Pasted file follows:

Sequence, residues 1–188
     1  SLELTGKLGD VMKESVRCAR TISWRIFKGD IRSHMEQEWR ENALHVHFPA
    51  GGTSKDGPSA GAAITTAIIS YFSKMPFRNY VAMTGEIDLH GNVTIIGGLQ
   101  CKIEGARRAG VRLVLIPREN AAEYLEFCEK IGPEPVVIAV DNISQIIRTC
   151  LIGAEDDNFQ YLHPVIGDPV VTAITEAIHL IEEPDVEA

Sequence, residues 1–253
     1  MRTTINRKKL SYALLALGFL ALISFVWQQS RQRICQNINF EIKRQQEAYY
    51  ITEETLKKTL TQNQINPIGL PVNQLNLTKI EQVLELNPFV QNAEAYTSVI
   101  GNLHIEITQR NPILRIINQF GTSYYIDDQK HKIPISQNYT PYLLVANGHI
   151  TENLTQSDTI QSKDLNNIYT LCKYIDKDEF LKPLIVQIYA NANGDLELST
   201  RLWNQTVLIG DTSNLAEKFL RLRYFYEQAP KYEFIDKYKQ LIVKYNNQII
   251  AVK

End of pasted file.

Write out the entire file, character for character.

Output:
Sequence, residues 1–188
     1  SLELTGKLGD VMKESVRCAR TISWRIFKGD IRSHMEQEWR ENALHVHFPA
    51  GGTSKDGPSA GAAITTAIIS YFSKMPFRNY VAMTGEIDLH GNVTIIGGLQ
   101  CKIEGARRAG VRLVLIPREN AAEYLEFCEK IGPEPVVIAV DNISQIIRTC
   151  LIGAEDDNFQ YLHPVIGDPV VTAITEAIHL IEEPDVEA

Sequence, residues 1–253
     1  MRTTINRKKL SYALLALGFL ALISFVWQQS RQRICQNINF EIKRQQEAYY
    51  ITEETLKKTL TQNQINPIGL PVNQLNLTKI EQVLELNPFV QNAEAYTSVI
   101  GNLHIEITQR NPILRIINQF GTSYYIDDQK HKIPISQNYT PYLLVANGHI
   151  TENLTQSDTI QSKDLNNIYT LCKYIDKDEF LKPLIVQIYA NANGDLELST
   201  RLWNQTVLIG DTSNLAEKFL RLRYFYEQAP KYEFIDKYKQ LIVKYNNQII
   251  AVK